I was not thinking of alcohol at this time. But since the proverbial door hadn’t yet been shut, opportunity knocked and I found myself sitting at the bar for lunch. I don’t think I got halfway through my first drink without feeling regret for what I was doing to myself because I wasn’t doing anything for myself.
I had just been taking care of myself and now I wasn’t, and the shame escalated quickly. “I’m so stupid,” I thought to myself. “Why am I doing this?” I had already numbed the first night I lapsed; why did I have to keep repeating this futile behavior when I knew the real recovery was in therapy and returning to Buddhist practice, not the bar?
I’m an alcoholic and even if I could moderate my drinking, how would that benefit me spiritually and emotionally? It abandons me, too. It exacerbates the shame. Oh, I feel abandoned, so let me abandon myself some more. That is not “right mindfulness.” That is forgetting about the real problem: dukkha; suffering, pain.
I had mentioned wanting a spotless mind from these “senseless” events, which is the word my therapist used in our last session to help explain why our brains don’t know how to process them. Is the first abandonment wound responsible for the trajectory of my trauma up to this point? Most of us have spotted out our first abandonment wound: the event of birth, of being forced out of the womb. Then there are those adopted or orphaned; are they forever screwed, too?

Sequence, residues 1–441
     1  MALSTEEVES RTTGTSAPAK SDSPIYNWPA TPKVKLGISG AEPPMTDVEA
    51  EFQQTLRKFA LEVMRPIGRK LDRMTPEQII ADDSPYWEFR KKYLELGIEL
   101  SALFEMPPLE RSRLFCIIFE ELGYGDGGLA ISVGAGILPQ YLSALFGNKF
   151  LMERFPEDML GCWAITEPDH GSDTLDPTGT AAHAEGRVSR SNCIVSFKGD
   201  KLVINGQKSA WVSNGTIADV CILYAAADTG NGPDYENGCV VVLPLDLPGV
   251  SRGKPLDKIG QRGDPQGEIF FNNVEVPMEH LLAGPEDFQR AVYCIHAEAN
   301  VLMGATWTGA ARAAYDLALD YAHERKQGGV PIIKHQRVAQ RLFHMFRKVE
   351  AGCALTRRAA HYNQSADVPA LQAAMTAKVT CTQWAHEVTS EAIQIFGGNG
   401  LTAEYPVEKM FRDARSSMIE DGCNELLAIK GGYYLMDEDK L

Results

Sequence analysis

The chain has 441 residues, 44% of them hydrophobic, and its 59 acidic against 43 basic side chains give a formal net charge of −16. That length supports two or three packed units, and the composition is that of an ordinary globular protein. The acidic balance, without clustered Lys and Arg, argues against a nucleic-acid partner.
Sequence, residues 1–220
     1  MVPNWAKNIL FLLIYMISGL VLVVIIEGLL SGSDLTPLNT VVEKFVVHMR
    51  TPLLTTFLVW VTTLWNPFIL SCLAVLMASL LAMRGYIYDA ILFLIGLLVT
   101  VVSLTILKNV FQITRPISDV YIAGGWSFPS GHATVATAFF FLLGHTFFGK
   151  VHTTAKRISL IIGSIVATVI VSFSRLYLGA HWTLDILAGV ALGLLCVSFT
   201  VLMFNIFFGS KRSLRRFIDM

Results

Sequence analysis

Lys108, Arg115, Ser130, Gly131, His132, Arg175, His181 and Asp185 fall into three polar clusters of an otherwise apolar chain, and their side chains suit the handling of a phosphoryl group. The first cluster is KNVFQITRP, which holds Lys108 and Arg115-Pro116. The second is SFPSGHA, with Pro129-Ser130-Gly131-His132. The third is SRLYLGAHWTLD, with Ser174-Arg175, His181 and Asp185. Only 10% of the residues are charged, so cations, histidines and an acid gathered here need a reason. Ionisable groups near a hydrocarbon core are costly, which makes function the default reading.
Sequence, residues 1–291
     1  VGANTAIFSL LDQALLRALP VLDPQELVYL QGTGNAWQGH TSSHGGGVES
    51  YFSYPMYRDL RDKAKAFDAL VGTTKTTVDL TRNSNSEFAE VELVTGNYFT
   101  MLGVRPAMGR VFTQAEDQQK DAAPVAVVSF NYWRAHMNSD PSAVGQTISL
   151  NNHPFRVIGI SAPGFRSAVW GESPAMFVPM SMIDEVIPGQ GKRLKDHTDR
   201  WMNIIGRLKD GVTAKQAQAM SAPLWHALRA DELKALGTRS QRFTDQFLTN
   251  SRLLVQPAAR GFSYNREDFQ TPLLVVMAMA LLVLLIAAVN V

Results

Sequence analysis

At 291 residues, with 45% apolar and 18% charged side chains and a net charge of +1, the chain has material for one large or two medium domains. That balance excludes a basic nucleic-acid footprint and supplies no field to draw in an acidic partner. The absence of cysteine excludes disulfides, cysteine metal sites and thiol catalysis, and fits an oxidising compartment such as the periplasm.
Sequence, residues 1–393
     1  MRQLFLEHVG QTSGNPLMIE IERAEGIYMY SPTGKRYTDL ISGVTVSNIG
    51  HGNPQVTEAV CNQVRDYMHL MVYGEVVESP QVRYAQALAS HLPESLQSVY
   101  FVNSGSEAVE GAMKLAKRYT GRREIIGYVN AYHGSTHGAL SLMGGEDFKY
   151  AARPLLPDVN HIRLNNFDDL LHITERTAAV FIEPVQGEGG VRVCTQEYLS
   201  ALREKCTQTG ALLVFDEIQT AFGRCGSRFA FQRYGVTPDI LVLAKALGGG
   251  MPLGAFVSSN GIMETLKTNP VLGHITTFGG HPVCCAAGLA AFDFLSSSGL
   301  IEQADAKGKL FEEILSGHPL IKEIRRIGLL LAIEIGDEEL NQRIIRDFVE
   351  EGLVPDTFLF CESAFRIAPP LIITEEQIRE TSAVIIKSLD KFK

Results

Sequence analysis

I am reading The Journey from Abandonment to Healing for about the third time now. I am sure it won’t be my last, as it’s a very important book to me. I am also going to revisit Refuge Recovery meetings because my refuge belongs in Buddhist philosophy and sangha (community), and right mindfulness is what strengthens my recovery and helps stabilize my bipolar disorder.
Some ask for forgiveness from a god, some just return to right mindfulness and the self-shame is lifted. Excelsior: onward and upward. August 16th, 2018.